Examples:

PCAnywhere
LapLink
VNC
Timbuktu
GoToMyPC.com
BackOrifice
SubSeven
NetBus
Terminal services server
Telnet server

Risk to the College and/or general public:

  • If not installed and configured correctly, can provide "backdoors" for unauthorized access to local and network computing facilities.
  • Introduces malicious software such as viruses, trojans, and Internet worms to the College network and other resources.
  • Bugs in the client software can cause systems to crash or conflict with business applications.

Recommendation as to how it should be restricted:

Remote access software is prohibited to be installed and/or used on any computer system connected to the MC networks unless prior approval has been obtained from the Dean or Director of the requestor and the IT Security group. The request must describe the need to perform College-related activities.

Alternatives, if any:

  • None

Links for more information:

http://www.itworld.com/Net/3138/ItW0220pc/page_1.html
http://www.networkcomputing.com/602/602work2.html
http://www.webopedia.com/TERM/R/remote_access.html

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SECURITY & HACKING TOOLS

 

 

 

Security & Hacking Tools- software programs that are used to monitor and test the security of computers and networks. However, these tools are also used to discover vulnerabilities and exploit them.

Examples:

  • Sniffers
  • Port scanners
  • Vulnerability scanners
  • Password crackers
  • Keystroke loggers

Risk to the College and/or general public:

  • Sniffers - Network traffic is considered private.
  • Port scanners - Port scanning of any computer that is not owned by the person doing the scanning is considered to be a hostile act and a precursor to an actual hacking attempt.
  • Vulnerability scanners - Vulnerability scanners identify weaknesses in workstations, servers, and networks that can be exploited.
  • Password crackers - Password crackers circumvent systems, accounts, files, and directories with password protection.
  • Keystroke loggers - Keystroke loggers run in the background, recording all the keystrokes. Once keystrokes are logged, they are hidden in the machine for later retrieval, or shipped raw to the attacker.
  • Any deliberate unauthorized use of these types of software will be treated as a violation of the Acceptable Use Policy and will result in disciplinary action.

Recommendation as to how it should be restricted:

Security tools/hacking tools are prohibited to be installed and/or used on any computer system connected to the MC networks unless prior approval has been obtained from the Dean or Director of the requestor and the IT Security group. The request must describe the need to perform College-related activities.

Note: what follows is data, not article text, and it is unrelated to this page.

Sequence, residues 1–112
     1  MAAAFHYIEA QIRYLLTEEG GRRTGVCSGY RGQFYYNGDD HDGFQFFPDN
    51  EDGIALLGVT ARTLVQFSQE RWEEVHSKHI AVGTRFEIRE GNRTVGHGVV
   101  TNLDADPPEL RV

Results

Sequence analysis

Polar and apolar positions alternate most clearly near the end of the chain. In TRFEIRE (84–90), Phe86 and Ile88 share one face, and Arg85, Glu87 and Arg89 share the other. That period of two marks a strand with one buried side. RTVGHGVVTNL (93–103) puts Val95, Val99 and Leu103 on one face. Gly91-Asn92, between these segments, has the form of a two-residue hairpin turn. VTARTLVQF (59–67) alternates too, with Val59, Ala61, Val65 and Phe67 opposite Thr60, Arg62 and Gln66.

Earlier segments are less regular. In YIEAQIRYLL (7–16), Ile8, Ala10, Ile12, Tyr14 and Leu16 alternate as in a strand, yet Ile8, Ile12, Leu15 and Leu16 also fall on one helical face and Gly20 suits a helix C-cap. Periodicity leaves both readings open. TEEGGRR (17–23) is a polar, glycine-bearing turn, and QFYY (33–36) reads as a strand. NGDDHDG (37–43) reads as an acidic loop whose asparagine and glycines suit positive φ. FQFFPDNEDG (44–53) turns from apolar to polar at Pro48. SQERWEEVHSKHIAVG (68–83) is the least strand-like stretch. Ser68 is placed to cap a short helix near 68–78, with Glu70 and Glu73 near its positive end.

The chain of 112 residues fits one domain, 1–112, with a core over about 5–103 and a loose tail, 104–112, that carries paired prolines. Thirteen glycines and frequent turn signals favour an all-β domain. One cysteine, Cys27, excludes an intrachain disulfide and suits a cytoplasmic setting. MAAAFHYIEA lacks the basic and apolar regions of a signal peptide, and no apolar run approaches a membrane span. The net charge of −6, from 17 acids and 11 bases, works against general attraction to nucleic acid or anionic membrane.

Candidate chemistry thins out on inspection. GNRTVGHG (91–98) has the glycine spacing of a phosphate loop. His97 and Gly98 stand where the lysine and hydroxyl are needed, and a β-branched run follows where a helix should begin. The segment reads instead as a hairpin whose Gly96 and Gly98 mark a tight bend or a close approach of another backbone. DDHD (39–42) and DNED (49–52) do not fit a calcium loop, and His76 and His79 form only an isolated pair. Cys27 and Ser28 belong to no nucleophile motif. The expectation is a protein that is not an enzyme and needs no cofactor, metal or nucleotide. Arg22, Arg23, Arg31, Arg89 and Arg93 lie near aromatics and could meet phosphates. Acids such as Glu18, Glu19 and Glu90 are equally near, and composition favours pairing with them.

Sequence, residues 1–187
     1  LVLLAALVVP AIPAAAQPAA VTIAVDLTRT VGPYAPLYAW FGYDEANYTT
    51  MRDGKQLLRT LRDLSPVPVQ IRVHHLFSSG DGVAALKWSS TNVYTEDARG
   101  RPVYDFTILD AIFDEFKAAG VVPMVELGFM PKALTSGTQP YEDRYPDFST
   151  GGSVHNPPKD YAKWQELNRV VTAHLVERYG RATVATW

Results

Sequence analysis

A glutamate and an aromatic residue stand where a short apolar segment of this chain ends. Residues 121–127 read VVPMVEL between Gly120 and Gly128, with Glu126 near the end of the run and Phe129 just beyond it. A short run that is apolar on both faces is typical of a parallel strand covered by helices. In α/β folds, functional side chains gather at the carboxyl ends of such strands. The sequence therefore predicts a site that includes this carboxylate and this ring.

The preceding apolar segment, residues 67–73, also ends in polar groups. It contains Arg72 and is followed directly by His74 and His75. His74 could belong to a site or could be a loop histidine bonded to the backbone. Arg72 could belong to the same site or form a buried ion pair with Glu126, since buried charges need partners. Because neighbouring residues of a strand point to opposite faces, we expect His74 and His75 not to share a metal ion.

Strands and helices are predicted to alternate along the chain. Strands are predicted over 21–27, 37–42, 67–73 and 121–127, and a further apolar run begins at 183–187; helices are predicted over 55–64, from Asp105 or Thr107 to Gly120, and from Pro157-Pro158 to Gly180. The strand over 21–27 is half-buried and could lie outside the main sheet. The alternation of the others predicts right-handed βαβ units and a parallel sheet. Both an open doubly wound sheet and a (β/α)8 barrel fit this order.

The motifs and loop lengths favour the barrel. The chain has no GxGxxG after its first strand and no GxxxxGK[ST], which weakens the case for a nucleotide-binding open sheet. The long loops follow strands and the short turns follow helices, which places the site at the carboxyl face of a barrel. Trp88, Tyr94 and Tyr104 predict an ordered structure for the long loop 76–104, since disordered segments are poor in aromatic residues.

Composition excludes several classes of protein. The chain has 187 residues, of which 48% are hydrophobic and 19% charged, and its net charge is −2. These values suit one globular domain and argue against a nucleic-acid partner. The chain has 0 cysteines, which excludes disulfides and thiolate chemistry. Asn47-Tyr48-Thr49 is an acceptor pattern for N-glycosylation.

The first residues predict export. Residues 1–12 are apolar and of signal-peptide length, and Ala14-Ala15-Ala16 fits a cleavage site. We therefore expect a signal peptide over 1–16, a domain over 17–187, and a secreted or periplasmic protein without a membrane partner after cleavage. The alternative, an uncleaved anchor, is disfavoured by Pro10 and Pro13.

Alternatives, if any:

  • None

Links for more information: 

Port scanners
Vulnerability scanners
http://www.infosecuritymag.com/2002/jul/faster.shtml
Password crackers
http://www.securityfocus.com/infocus/1192
Keystroke logger
http://www.pestpatrol.com/Support/About/About_KeyLoggers.asp

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SPYWARE

Spyware - spyware is programming that is put in someone's computer to secretly gather information about the user and relay it to advertisers or other interested parties. Spyware can get in a computer as a software virus or as the result of installing a new program. Data collecting programs that are installed with the user's knowledge are not, properly speaking, spyware, if the user fully understands what data is being collected and with whom it is being shared.

Examples:

Gator
GAIN
SaveNow
Doubleclick
OfferCompanion
New.Net
HotBar


Risk to the College and/or general public:

  • Loss of privacy - collects personal information (web surfing habits, passwords, online shopping information, email addresses) from your workstation uses that information for
  • Pop up or pop under advertising
  • Spam
  • Redirect your homepage
  • Degrade workstation and network performance


Recommendation as to how it should be restricted:

Spyware is prohibited to be installed and/or used on any computer system connected to the MC networks unless prior approval has been obtained from the Dean or Director of the requestor and the IT Security group. The request must describe the need to perform College-related activities.

Alternatives, if any: 

None

Links for more information:

http://www.spywareguide.com/product_list_full.php
http://www.webopedia.com/TERM/s/spyware.html
http://www.spywareinfo.com/articles/spyware/
http://www.weathergraphics.com/text/spyware.htm